Activist groups were organized in the United States and Israel, calling attention to her plight and pushing for her release. In the US, the group Women for Ida Nudel (WIN) appealed to elected women officials to press for her release, and was run by the Long Island based activist for Soviet Jewry Lynn Singer.

She was released on 20 March 1982, having been warned not to associate with any refuseniks or foreigners. After almost a year in constant movement as she wasn't allowed back to her flat in Moscow nor gain permit to live in any other place, she was permitted to live for five years in Bender, Moldova.[6]

From 1973, her sister Elena Fridman fought to bring her to Israel, contacting world leaders for help. In April 1984, Jane Fonda visited her, a meeting arranged by political activist and publicist Stephen Rivers.[7] The two became friends and Fonda launched a campaign for Nudel's release.[6] Others involved in the campaign included Liv Ullmann, and Israeli President, Chaim Herzog, left an empty place at his Passover table in her honor.[8] On 2 October 1987, she was informed she had been granted an exit visa.[6]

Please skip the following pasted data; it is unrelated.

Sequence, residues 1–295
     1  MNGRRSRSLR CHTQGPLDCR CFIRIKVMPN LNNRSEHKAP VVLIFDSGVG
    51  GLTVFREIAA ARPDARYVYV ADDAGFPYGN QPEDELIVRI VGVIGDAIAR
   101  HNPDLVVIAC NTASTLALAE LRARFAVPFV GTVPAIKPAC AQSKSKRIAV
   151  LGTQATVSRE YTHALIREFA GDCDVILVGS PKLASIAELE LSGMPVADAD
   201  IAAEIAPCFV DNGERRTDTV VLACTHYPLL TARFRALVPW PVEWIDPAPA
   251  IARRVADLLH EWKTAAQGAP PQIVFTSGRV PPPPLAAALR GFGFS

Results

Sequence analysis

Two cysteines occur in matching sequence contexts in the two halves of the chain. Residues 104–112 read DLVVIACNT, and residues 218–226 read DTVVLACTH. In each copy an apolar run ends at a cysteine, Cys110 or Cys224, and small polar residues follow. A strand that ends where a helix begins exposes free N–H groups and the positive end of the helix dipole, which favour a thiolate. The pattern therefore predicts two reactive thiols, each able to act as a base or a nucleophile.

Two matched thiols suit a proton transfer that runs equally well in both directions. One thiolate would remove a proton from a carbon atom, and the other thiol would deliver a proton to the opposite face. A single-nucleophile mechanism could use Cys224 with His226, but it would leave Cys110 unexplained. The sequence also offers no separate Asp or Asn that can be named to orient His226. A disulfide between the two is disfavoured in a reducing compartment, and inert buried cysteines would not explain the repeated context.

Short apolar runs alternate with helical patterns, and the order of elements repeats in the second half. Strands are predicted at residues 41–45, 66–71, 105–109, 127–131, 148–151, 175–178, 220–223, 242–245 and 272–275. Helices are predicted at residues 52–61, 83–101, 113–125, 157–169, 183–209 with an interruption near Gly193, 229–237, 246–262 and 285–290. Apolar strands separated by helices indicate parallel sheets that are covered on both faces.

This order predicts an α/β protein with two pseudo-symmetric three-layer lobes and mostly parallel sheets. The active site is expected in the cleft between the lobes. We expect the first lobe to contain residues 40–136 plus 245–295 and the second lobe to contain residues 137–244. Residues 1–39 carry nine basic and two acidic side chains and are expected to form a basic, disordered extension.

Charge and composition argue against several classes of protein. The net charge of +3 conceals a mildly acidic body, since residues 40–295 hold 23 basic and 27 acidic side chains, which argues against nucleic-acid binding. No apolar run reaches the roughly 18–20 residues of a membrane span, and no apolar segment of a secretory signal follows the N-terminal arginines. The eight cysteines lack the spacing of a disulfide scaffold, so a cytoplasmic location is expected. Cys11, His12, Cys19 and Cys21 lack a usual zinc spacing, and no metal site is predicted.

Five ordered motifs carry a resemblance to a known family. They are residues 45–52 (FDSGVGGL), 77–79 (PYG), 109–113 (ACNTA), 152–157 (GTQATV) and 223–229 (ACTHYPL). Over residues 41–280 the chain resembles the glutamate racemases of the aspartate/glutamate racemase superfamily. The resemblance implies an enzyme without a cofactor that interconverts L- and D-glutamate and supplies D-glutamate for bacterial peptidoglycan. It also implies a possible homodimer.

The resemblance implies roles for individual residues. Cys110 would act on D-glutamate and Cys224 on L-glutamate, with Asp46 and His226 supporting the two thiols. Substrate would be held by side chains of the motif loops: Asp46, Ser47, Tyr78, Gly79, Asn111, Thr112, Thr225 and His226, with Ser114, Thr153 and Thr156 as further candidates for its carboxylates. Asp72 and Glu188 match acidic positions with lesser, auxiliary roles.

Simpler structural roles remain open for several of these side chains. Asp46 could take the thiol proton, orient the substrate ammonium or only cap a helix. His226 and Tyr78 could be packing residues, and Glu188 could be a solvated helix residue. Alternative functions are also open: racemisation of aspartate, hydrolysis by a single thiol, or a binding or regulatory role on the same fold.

Immigration to Israel[edit]

Nudel arrived in Israel on 15 October 1987. She was greeted at the Ben Gurion International Airport by Fonda, Israeli Prime Minister Yitzhak Shamir and Foreign Minister Shimon Peres as well as her sister and thousands of Israelis. She was granted an Israeli identity card and immigration papers, and had a brief telephone conversation with United States Secretary of State, George P. Shultz. The welcome ceremony was broadcast on Israeli television.[8]

Nudel settled in Karmei Yosef, an agricultural community in the Judean foothills.[9] She later wrote an autobiography, A Hand in the Darkness, which was translated into English by Stefani Hoffman in 1990.[10] The movie Mosca Addio (Farewell Moscow) by Mauro Bolognini, starring Liv Ullmann, was a dramatized version of her ordeal.[11][12] In 1991, she established "Mother to Mother", a nonprofit organization funded by donations from abroad, seeking to take the children of Russian immigrants off the streets and into after-school activities.[13]

Later life[edit]